By Sheryl Estrada
The federal government has again proven racial bias practices exist inSt. Louis County, Mo.
The Department of Justice’s (DOJ) Civil Rights Division released a report on Friday stating St. Louis County Family Court is violating the constitutional rights of juveniles and Black defendants are subjected to more severe treatment than white defendants.
In March, the DOJ cited a pattern orpractice of racial biasin both the police department in Ferguson, Mo. and municipal court. The investigation took place following the police-related death of unarmed Black male Michael Brown on Aug. 9, 2014.
The probe into thecounty’s family court, which wasinitiated in November 2013, analyzed almost 33,000 juvenile cases, including all delinquency and status offenses resolved in the court between 2010 and 2013.
Some of the constitutional violations include: failure to provide adequate legal representation for youth facing delinquency proceedings; failure to sufficiently determine probable cause; and failure to provide due process to children facing certification for criminal prosecution in adult criminal court.
In regards to racial bias, the report states:
The data shows that in certain phases of the County’s juvenile justice system, race is in and of itself a significant contributing factor, even after factoring in legal variables (e.g., nature of the charge) and social variables (e.g., age). In short, Black children are subjected to harsher treatment because of their race.
The DOJ reports it found Equal Protection violations for Black youth at each of these decision points:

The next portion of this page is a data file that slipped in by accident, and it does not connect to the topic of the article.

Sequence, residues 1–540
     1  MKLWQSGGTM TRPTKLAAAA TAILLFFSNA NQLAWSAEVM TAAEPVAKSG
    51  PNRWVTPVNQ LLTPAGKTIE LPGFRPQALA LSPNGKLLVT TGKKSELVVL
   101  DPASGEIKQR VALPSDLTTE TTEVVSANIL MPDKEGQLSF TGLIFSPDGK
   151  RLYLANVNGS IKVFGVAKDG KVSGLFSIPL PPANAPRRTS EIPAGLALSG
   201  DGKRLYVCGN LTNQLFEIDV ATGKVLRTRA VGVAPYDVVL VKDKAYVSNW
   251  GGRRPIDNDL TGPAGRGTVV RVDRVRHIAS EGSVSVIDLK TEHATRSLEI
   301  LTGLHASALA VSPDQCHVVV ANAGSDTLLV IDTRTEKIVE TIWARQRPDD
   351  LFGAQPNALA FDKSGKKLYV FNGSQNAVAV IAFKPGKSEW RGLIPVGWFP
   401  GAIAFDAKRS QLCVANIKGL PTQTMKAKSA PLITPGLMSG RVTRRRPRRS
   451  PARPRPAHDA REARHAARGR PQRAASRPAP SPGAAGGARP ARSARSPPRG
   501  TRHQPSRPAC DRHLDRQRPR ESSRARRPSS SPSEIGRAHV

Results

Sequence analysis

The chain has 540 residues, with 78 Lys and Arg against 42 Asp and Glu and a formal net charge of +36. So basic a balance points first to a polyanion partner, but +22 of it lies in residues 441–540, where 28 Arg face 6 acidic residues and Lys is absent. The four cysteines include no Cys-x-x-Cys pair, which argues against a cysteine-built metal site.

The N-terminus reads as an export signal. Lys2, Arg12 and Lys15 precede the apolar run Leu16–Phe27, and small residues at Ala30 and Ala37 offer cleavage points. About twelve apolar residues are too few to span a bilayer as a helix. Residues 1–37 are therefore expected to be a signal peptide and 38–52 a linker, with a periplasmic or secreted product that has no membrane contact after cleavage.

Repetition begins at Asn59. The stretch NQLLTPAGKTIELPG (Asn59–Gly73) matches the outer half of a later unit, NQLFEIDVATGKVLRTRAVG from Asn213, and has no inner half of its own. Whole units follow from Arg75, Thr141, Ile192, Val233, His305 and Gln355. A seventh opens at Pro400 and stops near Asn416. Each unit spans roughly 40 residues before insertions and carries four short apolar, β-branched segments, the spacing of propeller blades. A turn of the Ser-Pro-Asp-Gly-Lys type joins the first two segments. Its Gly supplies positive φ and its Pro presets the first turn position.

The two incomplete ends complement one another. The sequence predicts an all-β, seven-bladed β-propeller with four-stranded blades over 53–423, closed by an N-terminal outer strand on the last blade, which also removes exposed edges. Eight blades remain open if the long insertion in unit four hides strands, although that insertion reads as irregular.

1) Lower Opportunity for Diversion: Black children are approximately one-and-a-half times more likely than white children to have their cases handled formally.
2) Pretrial Detention: Race has a significant and substantial impact on pretrial detention.Black youth are two-and-a-half times more likely to detained pretrial than white children.
3) Probation or Parole Violation: When Black children are under the supervision of the court and violate the conditions equivalent to probation or parole, the court commits Black children to the Missouri Division of Youth Services almost three times more often than white children who are under similar court supervision.
4) Restrictive Custody:The odds of the court placing Black youth in Division of Youth Services custody after adjudication (the juvenile equivalent of an adult conviction) are more than two-and-a-half times greater than the odds of white youth placement.
Principal Deputy Assistant Attorney General Vanita Gupta, head of the Civil Rights Division said the findings are “serious and compelling.”
“Missouri was at the forefront of juvenile corrections reform when it closed its large juvenile institutions and moved to a smaller, treatment-focused system and we are hopeful that Missouri will rise to this challenge to, once again, be a leader in juvenile justice reform,” Gupta said. “This investigation is another step toward our goal of ensuring that children in the juvenile justice system receive their constitutionally guaranteed rights to due process and equal protection under the law.”